It should come as no surprise that those who have been in the system for a long time aren’t thrilled about this. Maybe they started with the original X100, later purchased an X-Pro1, upgraded to the X100T, upgraded to the X-Pro2, purchased an X-H1, purchased an X-T3, and upgraded to an X100V. They’ve faithfully been with Fujifilm for a decade, purchasing a number of cameras and lenses. They’re eager to upgrade to the best that Fujifilm has to offer, and yet the new top-of-the-line flagship models aren’t for them, but for someone else. They’ll have to settle for second best (or is it third best?). I’ve had a dozen or more people tell me that the above is essentially their story, and how they feel. That shouldn’t be so easily brushed off as a “get off my lawn” mentality, because their feelings are valid whether you agree with it or not—just as valid as your feelings. In fact, I would suggest that the long-time loyal customers’ feelings should be more valuable than anyone else’s. Should is the keyword, because obviously that’s not the case here—Fujifilm has made that clear, and that’s another misstep, in my opinion.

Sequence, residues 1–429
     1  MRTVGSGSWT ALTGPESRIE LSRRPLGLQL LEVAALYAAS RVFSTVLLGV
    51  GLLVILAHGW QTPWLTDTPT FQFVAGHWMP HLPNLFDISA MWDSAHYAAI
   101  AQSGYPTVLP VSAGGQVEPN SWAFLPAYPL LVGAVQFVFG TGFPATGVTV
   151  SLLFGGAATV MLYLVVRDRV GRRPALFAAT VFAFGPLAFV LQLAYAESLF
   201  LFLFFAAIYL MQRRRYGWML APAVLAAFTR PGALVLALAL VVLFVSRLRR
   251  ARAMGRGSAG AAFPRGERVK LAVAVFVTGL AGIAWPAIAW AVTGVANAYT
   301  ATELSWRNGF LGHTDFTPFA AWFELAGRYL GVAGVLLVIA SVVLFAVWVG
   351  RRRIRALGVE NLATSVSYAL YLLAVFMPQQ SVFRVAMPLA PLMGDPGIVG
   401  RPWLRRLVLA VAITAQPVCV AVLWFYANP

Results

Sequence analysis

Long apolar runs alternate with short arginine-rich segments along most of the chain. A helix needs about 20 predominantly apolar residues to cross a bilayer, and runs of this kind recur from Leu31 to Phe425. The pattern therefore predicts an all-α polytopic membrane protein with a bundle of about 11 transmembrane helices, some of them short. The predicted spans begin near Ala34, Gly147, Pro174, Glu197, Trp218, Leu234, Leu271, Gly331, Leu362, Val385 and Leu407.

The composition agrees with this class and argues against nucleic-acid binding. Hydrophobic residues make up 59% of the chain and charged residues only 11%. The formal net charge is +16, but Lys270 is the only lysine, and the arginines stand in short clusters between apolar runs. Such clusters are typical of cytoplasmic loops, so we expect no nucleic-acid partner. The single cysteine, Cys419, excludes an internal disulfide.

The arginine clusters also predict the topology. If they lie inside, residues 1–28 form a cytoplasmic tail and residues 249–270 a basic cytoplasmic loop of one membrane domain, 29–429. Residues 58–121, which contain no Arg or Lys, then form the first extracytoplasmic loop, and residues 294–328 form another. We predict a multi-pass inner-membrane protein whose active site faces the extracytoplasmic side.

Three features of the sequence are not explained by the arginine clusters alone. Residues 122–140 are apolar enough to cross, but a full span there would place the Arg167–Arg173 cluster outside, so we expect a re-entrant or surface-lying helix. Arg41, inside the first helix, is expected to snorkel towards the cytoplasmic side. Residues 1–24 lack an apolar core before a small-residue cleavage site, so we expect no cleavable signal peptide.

Fujifilm took a significant risk with the X-H2 and X-H2S. They placed a pretty big bet on their decisions and design. If the bet pays off—and early indications are that it is—I have no doubts that Fujifilm will double-down on it. Why wouldn’t they? If you find gold, you don’t stop panning. The direction of the brand, which has been altering course due to fluctuating philosophies, will be determined, in part, by the success of these two cameras. That’s why I said that they are pivotal models.
The X-T5 will also be a pivotal model because it, too, could have a significant effect on the trajectory of the brand. If it does very well, Fujifilm will likely continue to produce this model (and others) that appeal to the long-time base, spending lots of R&D time and money on these types of cameras. If it doesn’t sell well, Fujifilm might pivot away from it, and it will be the beginning of the end of the X-T0 line. I think a lot more is at stake than many realize, and I’m sure that I will receive plenty of criticism for stating this.